and image-level backup), and then putting linux with rdesktop on all of
the desktops.  You want to run Windows?  Connect up here...

As I've said before, Windows makes a lovely linux application.  Well,
not exactly LOVELY, but let's just say its attractiveness is maximized
when it is installed as a VM, the install VM image is frozen (so viruses
CANNOT take hold -- they simply go away when the VM is restarted), and
it occupies a nice little 256 MB "window" in your system resources that
you can turn on and off at will for those rare times that only Genuine
Windows software will do...;-)

> Ubuntu with Beryl on a powerful enough laptop (e.g. one with a graphics card 
> that is reasonable at OpenGL) is something to behold.

Oh, now you're trying to get back on topic, are you...;-)

Well, laptops and VMs are definitely on topic these days.  A multicore
laptop (or workstation, but laptops are more fun and convenient)
equipped with VMware workstation "is" a prototyping/development cluster.
Build a node image.  Clone it.  Crank up (say) seven 256 MB cloned VM
nodes plus the toplevel image, and you've got an 8 node "cluster" with a
simulated internal TCP/IP network, good for testing and development,
REALLY good for presentations and talks.

OK, I know, I know, stop ranting about Windows, it's off topic.  So I
quit.  But Microsoft's actions ARE a wee bit relevant to the future
history of clusters on this planet, and VMs are a stealth threat to MS
dominance because they make it so EASY to build multi-OS-image systems.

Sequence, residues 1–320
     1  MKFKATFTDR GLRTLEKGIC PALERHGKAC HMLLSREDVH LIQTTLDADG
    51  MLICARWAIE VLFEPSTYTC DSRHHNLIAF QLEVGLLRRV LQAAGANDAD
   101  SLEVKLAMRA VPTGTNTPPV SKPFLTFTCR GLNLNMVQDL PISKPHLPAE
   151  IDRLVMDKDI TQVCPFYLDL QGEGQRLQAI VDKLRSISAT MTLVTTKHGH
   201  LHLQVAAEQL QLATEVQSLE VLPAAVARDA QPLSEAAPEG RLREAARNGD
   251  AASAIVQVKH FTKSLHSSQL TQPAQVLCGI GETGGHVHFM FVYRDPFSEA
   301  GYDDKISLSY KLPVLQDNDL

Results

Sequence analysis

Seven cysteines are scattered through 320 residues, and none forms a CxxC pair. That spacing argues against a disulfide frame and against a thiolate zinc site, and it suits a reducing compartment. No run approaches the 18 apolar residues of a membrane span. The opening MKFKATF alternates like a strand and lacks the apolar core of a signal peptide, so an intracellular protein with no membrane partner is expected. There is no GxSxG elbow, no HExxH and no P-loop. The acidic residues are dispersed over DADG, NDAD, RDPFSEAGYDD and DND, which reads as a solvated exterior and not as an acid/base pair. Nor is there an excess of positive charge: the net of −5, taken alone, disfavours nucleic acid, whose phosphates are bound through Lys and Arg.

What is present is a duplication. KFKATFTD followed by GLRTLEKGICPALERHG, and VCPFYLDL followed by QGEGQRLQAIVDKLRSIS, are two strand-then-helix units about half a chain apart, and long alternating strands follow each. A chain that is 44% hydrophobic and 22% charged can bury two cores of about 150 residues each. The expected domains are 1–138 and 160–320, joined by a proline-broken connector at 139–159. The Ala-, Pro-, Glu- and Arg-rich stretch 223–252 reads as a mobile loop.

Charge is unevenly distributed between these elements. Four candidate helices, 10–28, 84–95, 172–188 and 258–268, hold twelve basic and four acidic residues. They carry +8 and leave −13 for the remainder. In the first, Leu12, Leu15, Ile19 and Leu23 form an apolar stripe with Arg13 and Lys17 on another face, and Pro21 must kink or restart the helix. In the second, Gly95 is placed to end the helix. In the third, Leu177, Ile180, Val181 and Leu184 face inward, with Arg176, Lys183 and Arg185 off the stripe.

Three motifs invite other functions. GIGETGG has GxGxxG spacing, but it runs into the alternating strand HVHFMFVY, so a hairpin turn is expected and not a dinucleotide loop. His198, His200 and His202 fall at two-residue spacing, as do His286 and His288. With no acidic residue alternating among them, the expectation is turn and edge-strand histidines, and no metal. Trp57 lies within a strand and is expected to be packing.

For as long as I can remember (which is back into the mid-80's) running
heterogeneous networks has been very expensive.  Supporting multiple
operating systems (even different flavors of Unix, even different
distributions of Linux) has a high cost -- it just doesn't scale well.

VMs radically, radically change the scaling of those costs.  It reduces
the cost of offering a Windows desktop in a Linux-only environment to
the cost of a single server and a bunch of CALs.  It reduces the cost of
offering a Linux desktop in a Windows-only environment to the cost of
VMware (in both cases plus a relatively small and bounded investment in
systems-person time to set up the single shared image and any required
account support and security) -- or vice versa, Win running under Lin
(where you have to mess with licensing compliance a bit more).  I've
heard that Macs can simultaneously support MacOS, Windows and a Linux

This is a disaster for MS.  Their market dominance is largely based on
the TCO illusion they have carefully crafted, plus of course the fact
that a true IT monopoly is self-perpetuating as a whole generation of
systems people have a vested interest in the continuance of the value of
their particular skillset in the marketplace.  This in turn has relied
on the high cost of running heterogeneous environments.  As the cost of
heterogeneous environments drops and they become more common, the smoke
will blow away, the mirror will crack, and corporate decision makes will
start to see that Linux can indeed do most of what Windows can do, only
securely and much, much more cheaply.  And they don't even have to
"choose" -- they can have both... for a while.


Robert G. Brown	                       http://www.phy.duke.edu/~rgb/
Duke University Dept. of Physics, Box 90305
Durham, N.C. 27708-0305
Phone: 1-919-660-2567  Fax: 919-660-2525     email:rgb at phy.duke.edu